Despite adding a pair of free agents during the first two days of the new league year, it is difficult to determine whether or not the Chicago Bears have improved at the safety position.
The Bears signed Ryan Mundy, formerly of the New York Giants and Pittsburgh Steelers, on the opening day of free agency. Chicago moved again Wednesday, landing former Green Bay Packers safety M.D. Jennings, per the team's official Twitter account:
LM: #Bears have agreed to terms with safety M.D. Jennings on 1-year contract. Jennings started all 16 games for Packers last year.— Chicago Bears (@ChicagoBears) March 12, 2014
Mundy will be given a chance to start at strong safety, where Major Wright—last year's starter—is expected to leave in free agency. Jennings will likely compete with incumbent starter Chris Conte at free safety.
Neither is a big-name acquisition, and neither will be expected to immediately turn around what was arguably the NFL's worst set of starting safeties in 2013.
The 29-year-old Mundy has been nothing more than a spot starter during his five-year NFL career. He set a career high with nine starts for the Giants last season, but he was eventually beat out by Will Hill and later played sparingly down the stretch.
Previously, Mundy made five starts over four years in Pittsburgh.
While durable—playing in all 80 games since entering the NFL—Mundy has just two interceptions, 10 defensed passes and one sack during a mostly underwhelming career. His best contributions have come on special teams.
Jennings went undrafted in 2011 but latched on with the Packers as a college free agent. After playing mostly on special teams as a rookie, Jennings went on to start 26 games for the Packers over the last two seasons, including all 16 in 2013.
Yet, over 47 career games, Jennings has just one interception and three passes defensed. He didn't have an interception last season, and his one pass defended ranked dead last among safeties who started all 16 games. The Packers were the only team without an interception from the safety position.
Jennings is being touted as a rangy, cover safety, but his 2013 season hurt that reputation.
According to Pro Football Focus (subscription required), Jennings allowed five touchdown passes and an opposing passer rating of 148.8, third worst among safeties last season. Quarterbacks completed a league-high 88.9 percent of attempts against him.
He also finished 53rd in run-stop percentage, with as many missed tackles against the run (four) as stops, described by PFF as a tackle constituting an offensive failure.
Overall, Jennings missed nine tackles. And his 10 total stops were the least by a safety with at least 800 snaps played.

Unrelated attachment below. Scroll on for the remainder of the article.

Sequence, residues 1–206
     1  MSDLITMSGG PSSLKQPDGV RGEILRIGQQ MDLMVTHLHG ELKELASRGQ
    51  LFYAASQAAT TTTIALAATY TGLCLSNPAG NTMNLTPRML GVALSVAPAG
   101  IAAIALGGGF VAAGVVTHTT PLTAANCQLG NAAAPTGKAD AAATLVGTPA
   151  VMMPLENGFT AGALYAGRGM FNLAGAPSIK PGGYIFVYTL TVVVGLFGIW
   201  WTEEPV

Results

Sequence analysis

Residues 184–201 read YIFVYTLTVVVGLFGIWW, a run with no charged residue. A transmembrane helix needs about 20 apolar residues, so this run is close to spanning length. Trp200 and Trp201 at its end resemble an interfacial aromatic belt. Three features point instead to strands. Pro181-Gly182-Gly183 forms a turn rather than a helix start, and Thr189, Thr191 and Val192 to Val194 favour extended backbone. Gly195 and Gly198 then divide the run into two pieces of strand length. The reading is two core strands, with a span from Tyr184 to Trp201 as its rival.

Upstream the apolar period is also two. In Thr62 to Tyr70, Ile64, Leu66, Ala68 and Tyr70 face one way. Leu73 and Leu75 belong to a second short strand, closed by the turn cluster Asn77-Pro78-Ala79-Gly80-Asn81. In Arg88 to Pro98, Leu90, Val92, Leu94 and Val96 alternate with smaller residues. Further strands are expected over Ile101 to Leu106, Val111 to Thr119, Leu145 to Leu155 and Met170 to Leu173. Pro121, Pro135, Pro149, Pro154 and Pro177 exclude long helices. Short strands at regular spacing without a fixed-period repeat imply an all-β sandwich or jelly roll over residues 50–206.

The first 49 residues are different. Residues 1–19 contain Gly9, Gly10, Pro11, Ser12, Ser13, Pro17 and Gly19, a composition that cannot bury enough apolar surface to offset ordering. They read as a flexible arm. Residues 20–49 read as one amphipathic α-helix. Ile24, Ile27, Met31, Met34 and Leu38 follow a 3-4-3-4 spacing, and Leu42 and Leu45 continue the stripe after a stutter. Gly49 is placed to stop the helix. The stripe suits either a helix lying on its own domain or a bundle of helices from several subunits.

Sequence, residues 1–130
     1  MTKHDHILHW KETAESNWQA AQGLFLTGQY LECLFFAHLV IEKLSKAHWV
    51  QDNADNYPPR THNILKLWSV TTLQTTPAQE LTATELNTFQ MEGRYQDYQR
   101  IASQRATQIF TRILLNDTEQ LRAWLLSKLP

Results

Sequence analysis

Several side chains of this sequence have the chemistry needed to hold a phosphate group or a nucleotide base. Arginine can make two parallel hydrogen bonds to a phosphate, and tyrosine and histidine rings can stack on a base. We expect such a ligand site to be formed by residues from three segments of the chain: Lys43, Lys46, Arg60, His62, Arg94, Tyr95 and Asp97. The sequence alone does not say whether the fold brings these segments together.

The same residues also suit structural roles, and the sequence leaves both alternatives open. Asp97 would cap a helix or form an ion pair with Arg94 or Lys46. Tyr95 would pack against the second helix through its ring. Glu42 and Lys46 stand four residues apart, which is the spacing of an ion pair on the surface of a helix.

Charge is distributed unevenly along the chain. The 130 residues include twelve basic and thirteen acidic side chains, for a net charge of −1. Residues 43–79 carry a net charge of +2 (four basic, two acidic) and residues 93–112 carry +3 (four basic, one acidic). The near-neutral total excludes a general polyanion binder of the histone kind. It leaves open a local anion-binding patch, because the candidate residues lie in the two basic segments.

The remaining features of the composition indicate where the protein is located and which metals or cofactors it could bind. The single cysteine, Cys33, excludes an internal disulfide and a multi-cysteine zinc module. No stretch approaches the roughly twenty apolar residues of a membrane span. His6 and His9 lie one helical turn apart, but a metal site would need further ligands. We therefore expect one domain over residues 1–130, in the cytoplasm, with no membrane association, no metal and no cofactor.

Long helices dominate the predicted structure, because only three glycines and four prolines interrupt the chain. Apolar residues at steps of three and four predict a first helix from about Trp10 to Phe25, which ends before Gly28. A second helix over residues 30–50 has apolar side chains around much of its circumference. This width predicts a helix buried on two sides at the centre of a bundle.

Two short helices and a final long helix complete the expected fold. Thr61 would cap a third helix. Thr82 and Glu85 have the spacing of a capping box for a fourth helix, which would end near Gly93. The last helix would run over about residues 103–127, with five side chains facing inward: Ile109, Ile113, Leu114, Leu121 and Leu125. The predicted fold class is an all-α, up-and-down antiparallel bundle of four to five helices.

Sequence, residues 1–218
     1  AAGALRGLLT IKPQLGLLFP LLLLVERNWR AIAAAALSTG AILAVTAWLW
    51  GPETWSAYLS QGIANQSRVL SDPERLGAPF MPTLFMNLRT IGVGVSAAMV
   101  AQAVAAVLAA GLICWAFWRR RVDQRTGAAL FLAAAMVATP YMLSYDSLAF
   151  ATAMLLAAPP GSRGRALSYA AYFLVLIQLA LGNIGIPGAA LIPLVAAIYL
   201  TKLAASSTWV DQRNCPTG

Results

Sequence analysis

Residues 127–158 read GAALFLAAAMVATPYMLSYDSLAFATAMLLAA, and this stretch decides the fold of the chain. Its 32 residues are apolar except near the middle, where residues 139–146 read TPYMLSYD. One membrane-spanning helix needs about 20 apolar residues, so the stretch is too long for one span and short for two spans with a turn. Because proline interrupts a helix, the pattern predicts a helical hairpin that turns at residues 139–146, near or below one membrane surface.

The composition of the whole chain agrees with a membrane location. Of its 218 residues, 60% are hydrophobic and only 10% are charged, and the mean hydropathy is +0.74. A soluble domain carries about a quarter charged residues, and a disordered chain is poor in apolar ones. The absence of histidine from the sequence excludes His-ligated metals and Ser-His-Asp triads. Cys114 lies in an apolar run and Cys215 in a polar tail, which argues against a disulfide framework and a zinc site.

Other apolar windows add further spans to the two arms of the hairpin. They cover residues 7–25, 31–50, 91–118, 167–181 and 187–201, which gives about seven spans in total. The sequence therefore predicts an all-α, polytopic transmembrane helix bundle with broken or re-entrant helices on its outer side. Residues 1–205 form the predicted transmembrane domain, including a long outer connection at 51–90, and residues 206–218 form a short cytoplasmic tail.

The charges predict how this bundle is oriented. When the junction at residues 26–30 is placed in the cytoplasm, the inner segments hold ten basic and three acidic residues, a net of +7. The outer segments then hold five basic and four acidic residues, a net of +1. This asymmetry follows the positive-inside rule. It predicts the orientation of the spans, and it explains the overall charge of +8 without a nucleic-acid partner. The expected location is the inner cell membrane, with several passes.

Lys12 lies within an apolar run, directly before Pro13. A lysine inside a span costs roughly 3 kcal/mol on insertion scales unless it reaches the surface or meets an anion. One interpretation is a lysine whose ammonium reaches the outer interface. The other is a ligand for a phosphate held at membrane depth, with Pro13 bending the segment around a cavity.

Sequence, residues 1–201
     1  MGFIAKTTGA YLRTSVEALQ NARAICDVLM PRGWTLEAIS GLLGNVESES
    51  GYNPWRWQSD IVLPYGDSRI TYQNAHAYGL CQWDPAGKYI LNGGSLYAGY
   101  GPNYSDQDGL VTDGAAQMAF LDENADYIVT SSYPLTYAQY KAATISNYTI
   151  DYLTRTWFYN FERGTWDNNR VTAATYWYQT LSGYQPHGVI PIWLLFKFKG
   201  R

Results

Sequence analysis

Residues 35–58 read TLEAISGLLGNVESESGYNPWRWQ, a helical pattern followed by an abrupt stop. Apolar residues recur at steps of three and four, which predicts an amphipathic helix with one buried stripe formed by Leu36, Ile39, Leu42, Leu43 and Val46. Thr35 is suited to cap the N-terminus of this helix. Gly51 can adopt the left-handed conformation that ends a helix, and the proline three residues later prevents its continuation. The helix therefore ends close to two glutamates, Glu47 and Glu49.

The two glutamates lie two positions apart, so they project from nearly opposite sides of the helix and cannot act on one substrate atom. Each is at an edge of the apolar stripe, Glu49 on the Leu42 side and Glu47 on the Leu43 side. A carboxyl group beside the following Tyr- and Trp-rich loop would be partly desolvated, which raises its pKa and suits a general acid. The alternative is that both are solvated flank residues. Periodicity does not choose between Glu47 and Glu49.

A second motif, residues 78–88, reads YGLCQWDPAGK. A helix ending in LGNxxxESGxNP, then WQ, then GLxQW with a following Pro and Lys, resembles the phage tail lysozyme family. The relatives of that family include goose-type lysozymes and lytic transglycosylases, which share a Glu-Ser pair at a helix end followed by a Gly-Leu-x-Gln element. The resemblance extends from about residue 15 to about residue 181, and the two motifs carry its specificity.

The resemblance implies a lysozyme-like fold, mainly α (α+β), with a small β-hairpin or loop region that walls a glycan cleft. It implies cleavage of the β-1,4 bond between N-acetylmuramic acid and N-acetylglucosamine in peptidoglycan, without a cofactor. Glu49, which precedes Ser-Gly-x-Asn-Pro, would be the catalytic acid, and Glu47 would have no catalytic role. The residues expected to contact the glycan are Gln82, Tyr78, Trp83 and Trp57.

In desperate need of help at safety, the Packers decided against tendering Jennings as a restricted free agent, leaving him open to sign with any team without penalty.
|Tkls||INTs||PD||Opp. Pass Rating||PFF Grade|
Source: Pro Football Focus
While both Mundy and Jennings may end up being nothing more than depth signings, the Bears still can't look at the safety position and feel their work is done.
Chicago is essentially rebuilding the entire position this offseason. It's entirely possible no safety from 2013 will be back besides Conte, who is being given one last chance to prove he belongs on the roster. Wright won't return, and fellow free agents Craig Steltz and Anthony Walters are not current priorities.
Do the Bears still need to make another move at safety?
Change was needed, as Wright and Conte combined to allow 986 passing yards and nine touchdowns—both league highs—as starters last season. Their total grade at PFF was an NFL-worst minus-43.8. We broke down the struggles of Chicago's safeties in further depth here.
The requirement of fixes at the back end has always been evident, but few envisioned Mundy and Jennings as part of the eventual answer. The Bears still have much work to do.
While signing two players this early in free agency would suggest Chicago is out of the running for a safety in the early rounds of May's NFL draft, that shouldn't be the case here. The Bears still need to find at least one starter, as a combination of Conte and Mundy or Jennings and Mundy probably isn't the answer. If the board falls a certain way and a safety is there for Chicago, the Bears shouldn't hesitate.
Credit general manager Phil Emery for beginning the rebuild of arguably his worst position. But adding backup-level players like Mundy and Jennings hasn't solved Chicago's safety problems. This is still a position that needs another talent infusion before the start of the 2014 season.